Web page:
The effort first kicked off with a dramatic trilateral summit in September 2014. The initiative is timely in that it might benefit from the Kremlin’s policy of “turning to the East” [поворот на восток]. Mongolia is seeking to expand its trade and transport profile. Meanwhile, Beijing is looking for ways to stimulate growth and improve livelihoods through its “rust belt” in the Northeast. Your Dragon Eye column author got a good glimpse of new investments reflecting these determined efforts on this recent trip, whether they were the dazzling bridges that have transformed Vladivostok or the impressively efficient subway system that has been just completed in the northeast China metropolis of Changchun.
The article makes a cogent case for “sub-regionalism” as a rather new and effective trend in international economic development. Elaborating a theoretical basis for the movement, the author explains that the approach is based on openness, inclusiveness, pragmatism and above all, flexibility. There are “lower planning requirements,” [安排要求不高] and “informal cooperation” [非正式性的合作] is the norm. Geography plays a key role in these efforts, so that initiatives most often bring together nations sharing a river system, a mountain range or a certain sea area.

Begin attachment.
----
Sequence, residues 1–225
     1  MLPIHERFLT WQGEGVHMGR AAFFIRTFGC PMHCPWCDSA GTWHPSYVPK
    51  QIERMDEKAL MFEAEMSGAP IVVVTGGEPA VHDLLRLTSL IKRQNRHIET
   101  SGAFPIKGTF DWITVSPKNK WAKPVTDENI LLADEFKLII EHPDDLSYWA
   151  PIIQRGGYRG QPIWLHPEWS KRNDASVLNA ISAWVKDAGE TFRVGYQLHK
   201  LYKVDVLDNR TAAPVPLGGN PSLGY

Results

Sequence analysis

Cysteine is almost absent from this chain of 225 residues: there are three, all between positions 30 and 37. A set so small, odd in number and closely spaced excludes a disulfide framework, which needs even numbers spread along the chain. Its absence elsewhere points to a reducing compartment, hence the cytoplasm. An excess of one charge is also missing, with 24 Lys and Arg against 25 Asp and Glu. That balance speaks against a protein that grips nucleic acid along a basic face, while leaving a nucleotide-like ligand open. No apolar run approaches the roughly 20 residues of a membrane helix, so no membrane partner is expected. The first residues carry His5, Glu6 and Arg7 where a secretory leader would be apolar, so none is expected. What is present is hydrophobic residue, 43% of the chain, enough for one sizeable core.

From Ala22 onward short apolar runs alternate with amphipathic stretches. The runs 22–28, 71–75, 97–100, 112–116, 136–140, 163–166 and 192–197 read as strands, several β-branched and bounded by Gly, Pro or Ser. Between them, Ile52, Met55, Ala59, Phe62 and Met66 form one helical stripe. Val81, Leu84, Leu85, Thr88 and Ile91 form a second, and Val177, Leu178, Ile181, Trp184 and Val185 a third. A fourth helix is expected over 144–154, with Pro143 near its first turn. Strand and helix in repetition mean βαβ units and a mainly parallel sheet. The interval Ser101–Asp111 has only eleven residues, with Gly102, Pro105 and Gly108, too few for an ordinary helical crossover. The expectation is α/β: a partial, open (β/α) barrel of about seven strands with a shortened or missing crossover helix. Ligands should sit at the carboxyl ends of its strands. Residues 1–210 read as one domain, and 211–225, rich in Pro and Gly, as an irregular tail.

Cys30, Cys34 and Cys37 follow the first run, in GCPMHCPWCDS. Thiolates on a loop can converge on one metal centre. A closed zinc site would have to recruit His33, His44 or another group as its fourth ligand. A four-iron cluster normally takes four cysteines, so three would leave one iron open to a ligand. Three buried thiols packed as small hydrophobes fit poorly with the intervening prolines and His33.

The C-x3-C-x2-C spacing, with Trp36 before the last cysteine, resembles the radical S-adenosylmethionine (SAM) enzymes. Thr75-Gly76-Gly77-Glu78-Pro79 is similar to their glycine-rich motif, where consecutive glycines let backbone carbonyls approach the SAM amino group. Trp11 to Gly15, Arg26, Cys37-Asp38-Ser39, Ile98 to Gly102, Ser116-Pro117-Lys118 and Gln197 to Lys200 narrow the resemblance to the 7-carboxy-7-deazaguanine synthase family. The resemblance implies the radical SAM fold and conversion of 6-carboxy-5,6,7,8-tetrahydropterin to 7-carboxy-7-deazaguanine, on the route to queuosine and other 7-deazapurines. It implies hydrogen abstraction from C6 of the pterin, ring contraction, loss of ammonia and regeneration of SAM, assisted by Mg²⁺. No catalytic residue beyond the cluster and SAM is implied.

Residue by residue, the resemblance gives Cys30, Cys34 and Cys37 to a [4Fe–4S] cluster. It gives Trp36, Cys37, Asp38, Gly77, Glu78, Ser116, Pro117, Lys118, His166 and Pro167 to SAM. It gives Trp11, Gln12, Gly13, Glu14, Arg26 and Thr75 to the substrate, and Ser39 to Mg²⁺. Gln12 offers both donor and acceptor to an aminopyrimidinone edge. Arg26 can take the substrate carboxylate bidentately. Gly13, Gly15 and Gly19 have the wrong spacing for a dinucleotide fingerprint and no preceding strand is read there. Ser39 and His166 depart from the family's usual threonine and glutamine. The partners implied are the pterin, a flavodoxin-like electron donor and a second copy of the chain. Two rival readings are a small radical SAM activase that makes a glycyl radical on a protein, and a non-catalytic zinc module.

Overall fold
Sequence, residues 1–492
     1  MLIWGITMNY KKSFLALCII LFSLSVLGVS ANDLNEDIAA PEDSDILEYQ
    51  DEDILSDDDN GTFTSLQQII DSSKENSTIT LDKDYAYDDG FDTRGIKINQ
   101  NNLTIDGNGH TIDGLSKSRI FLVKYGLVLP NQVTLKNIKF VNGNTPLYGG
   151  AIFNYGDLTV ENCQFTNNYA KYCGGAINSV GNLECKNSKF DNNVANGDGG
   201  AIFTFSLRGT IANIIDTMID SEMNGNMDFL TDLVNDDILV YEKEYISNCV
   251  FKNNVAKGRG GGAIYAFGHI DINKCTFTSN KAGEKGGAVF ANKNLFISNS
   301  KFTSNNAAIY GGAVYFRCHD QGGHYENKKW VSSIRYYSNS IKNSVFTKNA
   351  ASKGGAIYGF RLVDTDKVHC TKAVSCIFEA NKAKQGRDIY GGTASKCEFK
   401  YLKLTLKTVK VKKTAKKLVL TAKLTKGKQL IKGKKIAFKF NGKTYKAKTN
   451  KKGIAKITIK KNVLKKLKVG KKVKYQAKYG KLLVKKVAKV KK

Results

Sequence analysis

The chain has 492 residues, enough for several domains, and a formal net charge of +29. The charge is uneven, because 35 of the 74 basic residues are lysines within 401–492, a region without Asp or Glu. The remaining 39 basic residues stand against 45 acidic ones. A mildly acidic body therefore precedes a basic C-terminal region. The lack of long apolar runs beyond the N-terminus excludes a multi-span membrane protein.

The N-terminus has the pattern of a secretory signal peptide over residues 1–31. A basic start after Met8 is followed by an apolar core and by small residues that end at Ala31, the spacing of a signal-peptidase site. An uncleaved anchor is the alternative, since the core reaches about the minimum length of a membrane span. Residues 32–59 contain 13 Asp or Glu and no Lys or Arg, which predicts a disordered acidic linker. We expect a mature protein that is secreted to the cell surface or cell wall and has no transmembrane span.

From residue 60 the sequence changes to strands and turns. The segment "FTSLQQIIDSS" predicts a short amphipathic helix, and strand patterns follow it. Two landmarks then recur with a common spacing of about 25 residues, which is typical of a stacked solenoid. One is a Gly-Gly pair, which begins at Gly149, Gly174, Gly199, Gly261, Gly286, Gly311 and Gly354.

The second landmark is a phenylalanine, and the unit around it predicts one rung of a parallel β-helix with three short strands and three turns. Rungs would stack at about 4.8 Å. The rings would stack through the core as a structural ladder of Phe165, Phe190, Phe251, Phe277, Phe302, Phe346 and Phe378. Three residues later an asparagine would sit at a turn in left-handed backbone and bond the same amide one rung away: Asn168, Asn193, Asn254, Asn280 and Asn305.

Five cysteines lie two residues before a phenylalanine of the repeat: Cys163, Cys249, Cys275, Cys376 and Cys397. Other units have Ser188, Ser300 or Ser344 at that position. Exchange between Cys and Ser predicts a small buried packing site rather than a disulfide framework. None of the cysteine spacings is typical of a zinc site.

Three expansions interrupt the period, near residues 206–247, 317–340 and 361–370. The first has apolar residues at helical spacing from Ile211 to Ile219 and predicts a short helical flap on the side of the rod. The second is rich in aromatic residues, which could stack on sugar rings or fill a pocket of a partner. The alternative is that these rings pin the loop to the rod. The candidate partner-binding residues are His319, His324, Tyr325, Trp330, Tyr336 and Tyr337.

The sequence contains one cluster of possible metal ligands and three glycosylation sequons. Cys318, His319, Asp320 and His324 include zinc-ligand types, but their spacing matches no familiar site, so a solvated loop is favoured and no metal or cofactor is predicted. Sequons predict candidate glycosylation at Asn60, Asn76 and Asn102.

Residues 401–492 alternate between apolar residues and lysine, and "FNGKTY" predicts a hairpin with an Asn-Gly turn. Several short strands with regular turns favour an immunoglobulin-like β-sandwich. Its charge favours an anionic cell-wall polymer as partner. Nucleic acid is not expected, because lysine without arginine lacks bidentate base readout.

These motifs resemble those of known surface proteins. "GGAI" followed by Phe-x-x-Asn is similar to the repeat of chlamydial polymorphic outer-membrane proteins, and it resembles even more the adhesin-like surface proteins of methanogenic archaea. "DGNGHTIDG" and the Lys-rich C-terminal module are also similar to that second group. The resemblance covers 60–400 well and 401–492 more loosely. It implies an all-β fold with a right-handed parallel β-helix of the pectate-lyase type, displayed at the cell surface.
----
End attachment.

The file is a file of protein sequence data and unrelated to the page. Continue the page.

This analysis suggests that thirty-two discrete projects have been approved for the CMREC, of which about one-third are related to transport. The economic corridor has a general goal to improve interconnectedness, and more concretely to lower the time and costs of shipping and transportation. Regarding the progress to date, it is noted that there are now nine transit points connecting the borders of Mongolia with the Chinese province of Inner Mongolia. Trucking remains the dominant mode of transport in the area for the time being, and a significant milestone was achieved in mid-2016 when a truck convoy took up the new tri-country highway that connects from the Chinese port of Tianjin all the way to Ulan Ude to the east of Lake Baikal in Siberia. That was a significant enough achievement to merit a special issue of the Chinese journal Transport Construction and Management [交通建设与管理].